Los Angeles, CA 90071
There’s no mistaking Bank of America Plaza’s most arresting visual component: Alexander Calder’s Four Arches, a sculpture standing 42 feet high and painted, coincidentally, in Bank of America’s blazing red-orange. But inside the vast lobby of the 55-story Los Angeles skyscraper, built in 1974 by Albert C. Martin & Associates, the severe granite walls were decidedly too colorless for the tastes of the building’s owner, Brookfield Properties.
So design director Megan Brothers retained Perkins + Will principal Clara Igonda, who pledged to retain the building’s modernist aesthetic but “soften and brighten it up.” New lighting, doors, and furniture were a start. Still, the project begged for bolder touches—which is when Igonda says she remembered the “warmth and unique texture” of textiles by Christopher Farr. A yearlong collaboration with his U.S. headquarters in L.A. ensued.
Beginning with watercolor studies, Farr says he envisioned “the tension created by asymmetrical placement of rectangles one inside another like Russian dolls.” (If that’s too abstract for you, think Josef Albers prints.) In the end, hand-spun wool and mohair were flat-woven into five custom tapestries in Turkey, on looms designed to accommodate supersize dimensions—the largest is more than 20 feet wide by 41 feet high. Stretched across aluminum frames specially engineered by Gilsanz.Murray.Steficek, the tapestries now span multiple levels on three of the lobby walls, bringing an invigorating dose of saturated color to the 3,500 people who visit the building each day.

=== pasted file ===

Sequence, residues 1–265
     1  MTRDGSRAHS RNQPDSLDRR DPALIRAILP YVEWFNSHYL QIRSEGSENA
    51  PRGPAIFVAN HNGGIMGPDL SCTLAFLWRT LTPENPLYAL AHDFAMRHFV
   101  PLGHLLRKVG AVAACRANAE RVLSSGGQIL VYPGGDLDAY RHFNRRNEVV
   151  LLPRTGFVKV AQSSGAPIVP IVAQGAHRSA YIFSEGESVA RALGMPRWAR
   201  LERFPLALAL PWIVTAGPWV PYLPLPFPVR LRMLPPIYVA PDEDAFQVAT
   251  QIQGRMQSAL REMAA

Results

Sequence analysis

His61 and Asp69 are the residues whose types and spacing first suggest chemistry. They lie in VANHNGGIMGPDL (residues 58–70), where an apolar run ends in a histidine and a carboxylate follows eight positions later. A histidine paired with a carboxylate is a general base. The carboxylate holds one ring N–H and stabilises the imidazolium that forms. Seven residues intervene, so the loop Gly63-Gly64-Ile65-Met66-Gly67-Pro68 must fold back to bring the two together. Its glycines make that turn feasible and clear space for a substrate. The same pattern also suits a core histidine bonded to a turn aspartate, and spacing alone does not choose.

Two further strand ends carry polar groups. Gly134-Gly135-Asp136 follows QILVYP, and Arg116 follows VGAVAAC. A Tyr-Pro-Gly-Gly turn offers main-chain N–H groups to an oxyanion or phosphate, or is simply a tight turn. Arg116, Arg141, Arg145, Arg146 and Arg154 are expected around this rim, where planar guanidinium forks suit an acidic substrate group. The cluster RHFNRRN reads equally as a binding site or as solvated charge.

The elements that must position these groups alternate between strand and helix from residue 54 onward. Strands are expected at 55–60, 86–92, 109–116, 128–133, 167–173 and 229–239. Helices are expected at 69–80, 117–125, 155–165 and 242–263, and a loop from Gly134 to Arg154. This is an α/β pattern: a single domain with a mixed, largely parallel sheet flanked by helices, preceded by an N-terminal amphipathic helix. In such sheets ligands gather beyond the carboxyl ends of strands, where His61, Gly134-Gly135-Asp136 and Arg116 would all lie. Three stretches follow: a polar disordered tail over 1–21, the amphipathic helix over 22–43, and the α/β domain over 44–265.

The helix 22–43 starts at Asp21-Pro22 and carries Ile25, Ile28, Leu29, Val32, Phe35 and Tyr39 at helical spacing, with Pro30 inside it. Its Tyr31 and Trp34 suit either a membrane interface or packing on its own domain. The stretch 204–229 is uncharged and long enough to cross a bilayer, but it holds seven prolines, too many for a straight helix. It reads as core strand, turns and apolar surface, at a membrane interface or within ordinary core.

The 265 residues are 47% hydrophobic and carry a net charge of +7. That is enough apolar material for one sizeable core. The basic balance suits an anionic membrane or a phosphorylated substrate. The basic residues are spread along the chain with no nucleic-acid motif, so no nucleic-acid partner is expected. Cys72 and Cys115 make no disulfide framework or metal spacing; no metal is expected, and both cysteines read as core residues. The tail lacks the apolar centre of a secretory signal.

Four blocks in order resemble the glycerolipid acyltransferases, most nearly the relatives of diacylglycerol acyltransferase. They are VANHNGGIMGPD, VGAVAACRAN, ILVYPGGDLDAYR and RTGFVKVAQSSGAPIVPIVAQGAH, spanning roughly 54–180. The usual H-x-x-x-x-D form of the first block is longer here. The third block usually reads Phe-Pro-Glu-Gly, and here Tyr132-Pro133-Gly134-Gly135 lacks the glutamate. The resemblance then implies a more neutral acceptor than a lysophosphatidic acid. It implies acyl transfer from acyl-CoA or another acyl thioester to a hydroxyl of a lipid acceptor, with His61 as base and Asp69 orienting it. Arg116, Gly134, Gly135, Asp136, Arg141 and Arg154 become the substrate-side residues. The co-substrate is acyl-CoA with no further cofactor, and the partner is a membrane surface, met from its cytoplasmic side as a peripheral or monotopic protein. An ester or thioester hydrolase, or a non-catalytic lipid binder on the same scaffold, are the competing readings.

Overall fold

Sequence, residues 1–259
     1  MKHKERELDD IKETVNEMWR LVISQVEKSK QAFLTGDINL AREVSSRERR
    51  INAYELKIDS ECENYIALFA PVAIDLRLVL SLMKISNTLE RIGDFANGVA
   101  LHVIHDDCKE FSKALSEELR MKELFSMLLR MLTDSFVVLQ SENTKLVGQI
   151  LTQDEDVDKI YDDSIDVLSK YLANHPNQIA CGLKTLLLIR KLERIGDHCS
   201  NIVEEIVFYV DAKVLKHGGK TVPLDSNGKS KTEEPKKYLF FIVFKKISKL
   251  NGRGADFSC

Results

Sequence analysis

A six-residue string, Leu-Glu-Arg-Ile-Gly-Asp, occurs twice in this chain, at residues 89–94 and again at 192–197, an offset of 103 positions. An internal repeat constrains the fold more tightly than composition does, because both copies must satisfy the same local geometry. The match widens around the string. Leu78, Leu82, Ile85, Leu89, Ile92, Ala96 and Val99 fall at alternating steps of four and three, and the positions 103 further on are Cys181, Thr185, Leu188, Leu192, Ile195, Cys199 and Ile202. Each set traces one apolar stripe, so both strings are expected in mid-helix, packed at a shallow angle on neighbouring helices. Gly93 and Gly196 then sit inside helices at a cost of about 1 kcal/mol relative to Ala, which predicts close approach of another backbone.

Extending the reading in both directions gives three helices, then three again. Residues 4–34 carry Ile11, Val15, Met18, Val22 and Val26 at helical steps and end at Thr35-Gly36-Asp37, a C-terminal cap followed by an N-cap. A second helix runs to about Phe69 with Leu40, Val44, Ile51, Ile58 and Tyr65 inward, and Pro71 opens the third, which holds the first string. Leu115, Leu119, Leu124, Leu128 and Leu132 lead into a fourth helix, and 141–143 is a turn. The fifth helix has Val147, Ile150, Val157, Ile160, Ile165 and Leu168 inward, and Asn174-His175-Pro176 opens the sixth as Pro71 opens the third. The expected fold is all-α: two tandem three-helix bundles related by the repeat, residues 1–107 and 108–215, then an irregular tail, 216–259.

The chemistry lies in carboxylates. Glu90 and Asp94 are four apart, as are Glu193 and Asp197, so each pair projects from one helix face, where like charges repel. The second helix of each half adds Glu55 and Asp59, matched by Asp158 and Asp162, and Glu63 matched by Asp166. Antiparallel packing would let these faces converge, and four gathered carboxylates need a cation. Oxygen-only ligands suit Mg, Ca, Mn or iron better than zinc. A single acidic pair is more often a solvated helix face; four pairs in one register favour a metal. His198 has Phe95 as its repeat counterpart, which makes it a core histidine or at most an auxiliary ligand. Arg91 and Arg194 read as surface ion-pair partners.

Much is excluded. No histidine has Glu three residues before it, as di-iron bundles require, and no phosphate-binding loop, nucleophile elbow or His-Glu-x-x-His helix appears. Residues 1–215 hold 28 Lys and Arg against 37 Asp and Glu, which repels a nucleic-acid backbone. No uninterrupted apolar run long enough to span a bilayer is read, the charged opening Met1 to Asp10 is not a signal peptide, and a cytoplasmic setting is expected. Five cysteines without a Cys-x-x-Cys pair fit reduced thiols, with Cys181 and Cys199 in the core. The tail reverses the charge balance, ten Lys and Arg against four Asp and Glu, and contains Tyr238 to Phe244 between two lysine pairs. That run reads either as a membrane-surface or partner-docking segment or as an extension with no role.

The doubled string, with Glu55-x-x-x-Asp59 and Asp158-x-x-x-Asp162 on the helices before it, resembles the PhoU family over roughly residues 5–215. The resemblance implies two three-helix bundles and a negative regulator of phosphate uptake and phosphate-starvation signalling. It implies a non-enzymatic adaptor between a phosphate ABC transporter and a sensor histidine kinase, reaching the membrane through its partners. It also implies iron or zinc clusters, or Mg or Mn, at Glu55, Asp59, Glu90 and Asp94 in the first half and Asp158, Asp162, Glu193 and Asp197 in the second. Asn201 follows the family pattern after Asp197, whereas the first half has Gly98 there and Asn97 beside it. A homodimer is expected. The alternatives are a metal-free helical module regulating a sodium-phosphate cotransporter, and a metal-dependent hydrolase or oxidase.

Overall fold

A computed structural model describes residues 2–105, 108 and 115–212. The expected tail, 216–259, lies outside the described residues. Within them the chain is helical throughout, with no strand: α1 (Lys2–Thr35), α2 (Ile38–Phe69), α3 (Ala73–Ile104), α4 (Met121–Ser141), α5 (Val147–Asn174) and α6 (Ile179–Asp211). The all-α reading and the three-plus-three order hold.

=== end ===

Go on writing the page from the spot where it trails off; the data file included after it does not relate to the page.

by Mark McMenamin